When a rocket takes off from the surface of the Earth and flies into orbit it increases its velocity by approximately 9,100 meters per second. That breaks down to 7,800 meters per second for the speed of orbit and 1,300 meters per second for drag and gravity losses. That is a lot of speed and it takes a lot of propellant to go that fast.
An example of just how much propellant is required is the Space Shuttle. Sitting on the launch pad waiting to take-off, the Space Shuttle was 85% propellant, 14% launch vehicle, and 1% payload. If Earth to orbit spaceflight is ever going to be affordable to everyone, the launch vehicle will need to be both fully reusable, and able to carry a large enough payload that it makes it worth all the trouble. Up to now, that has not been possible. To make the Space Shuttle fully reusable it would have been necessary to make it both larger and heavier which would have required a larger propellant fraction and that would have made the payload go to zero. Obviously, not a very workable solution.
This is where reducing the speed to orbit comes in.
There are a number of ways to do this. One is to use a ground accelerator that is located on the side of a tall mountain to boost the launch vehicle up to 600 MPH before starting its engines. This reduces the speed to orbit in two ways, by the speed added to the launch vehicle by the ground accelerator, and by reducing the drag and gravity losses that would have been incurred by the launch vehicle if it had accelerated to this speed and altitude on its own.
Another way to reduce the speed to orbit is to use a Skyhook at the upper end of the flight profile. Skyhooks can be short or long. The best way to use a Skyhook is to start small while the flight rate is low and gradually grow it into a longer and stronger version as demand increases. For this example, a short Skyhook, like the one shown in this video was selected.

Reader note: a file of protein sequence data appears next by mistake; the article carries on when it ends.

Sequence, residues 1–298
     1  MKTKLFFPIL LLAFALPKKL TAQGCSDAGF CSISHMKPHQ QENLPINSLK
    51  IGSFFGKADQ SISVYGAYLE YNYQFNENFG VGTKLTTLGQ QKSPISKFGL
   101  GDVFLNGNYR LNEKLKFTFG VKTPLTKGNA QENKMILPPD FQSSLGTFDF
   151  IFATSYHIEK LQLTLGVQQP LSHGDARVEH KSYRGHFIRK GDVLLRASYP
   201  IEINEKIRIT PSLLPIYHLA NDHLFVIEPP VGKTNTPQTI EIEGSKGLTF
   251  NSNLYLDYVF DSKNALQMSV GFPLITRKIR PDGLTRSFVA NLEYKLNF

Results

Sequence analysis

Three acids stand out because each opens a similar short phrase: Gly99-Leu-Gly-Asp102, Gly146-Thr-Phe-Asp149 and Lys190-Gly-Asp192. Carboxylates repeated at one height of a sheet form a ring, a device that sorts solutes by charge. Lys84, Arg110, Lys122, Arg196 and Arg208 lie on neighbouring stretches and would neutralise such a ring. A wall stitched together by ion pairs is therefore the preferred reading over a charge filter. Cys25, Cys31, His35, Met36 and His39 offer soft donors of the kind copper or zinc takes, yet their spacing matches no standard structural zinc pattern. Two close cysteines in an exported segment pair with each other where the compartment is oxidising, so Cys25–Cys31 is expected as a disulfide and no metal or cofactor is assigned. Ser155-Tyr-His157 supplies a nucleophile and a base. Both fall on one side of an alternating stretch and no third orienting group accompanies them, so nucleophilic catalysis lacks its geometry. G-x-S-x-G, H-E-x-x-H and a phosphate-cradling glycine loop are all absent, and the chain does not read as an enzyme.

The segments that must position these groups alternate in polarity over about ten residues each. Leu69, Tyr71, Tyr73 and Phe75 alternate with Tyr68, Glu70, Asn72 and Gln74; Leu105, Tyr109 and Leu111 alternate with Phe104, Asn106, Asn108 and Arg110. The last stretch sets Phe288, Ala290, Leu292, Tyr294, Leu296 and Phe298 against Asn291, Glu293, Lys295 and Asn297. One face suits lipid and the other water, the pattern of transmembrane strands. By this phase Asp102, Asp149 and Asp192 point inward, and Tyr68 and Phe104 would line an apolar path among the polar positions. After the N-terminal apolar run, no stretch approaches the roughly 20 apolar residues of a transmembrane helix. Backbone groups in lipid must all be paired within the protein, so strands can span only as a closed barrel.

The total velocity reduction made possible by the 600 MPH ground accelerator and 200-kilometer long basic Skyhook used in this example is 1,060 meters per second. This reduction in velocity will triple the amount of useful payload that can be delivered to the Skyhook compared to the same expendable launch vehicle flying to a space station without a ground accelerator or Skyhook. Increasing the amount of useful payload by a factor of three will reduce the cost to orbit to 1/3 of what it was without the ground accelerator and Skyhook. If it is assumed that the first stage of this launch vehicle is made reusable like the first stage of the Falcon 9, it then becomes reasonable to assume an additional 50% reduction in launch costs. This will reduce the cost to orbit to 1/6 of the cost of flying the expendable version of this launch vehicle without the ground accelerator and Skyhook.
And this is only the beginning. The longer the Skyhook becomes the lower the price becomes. Once the Skyhook is long enough it then becomes possible to use a fully reusable single stage launch vehicle that will reduce the cost even more. Best of all, the 600 MPH ground accelerator, the basic Skyhook, the reusable first stage launch vehicle, they can all be affordably built right now with existing materials and technology.
For more information about this and other related cost reducing concepts, read the book “Opening the High Frontier”.
Index of Articles
- Opening the High Frontier
- Skyhook, a Journey to Orbit and Beyond
- In the Beginning . . .
- Why do Rockets Cost so Much?
- Combination Launch Systems
- It’s All About Speed!
- Visions of the Future
- The Call of an Unlimited Future
- Combination Launch Systems, part 2
- Outward Bound: Beyond Low Earth Orbit
- and someday . . . Starships!
- Mars: how to get there
- Outpost Space Stations
- Dreams of Space
- The Moon or Mars?
- Skyhooks and Space Elevators
- Stratolaunch and the X-15
- Starship Congress
- Making Spaceflight Affordable
- How a Combination Launch System Works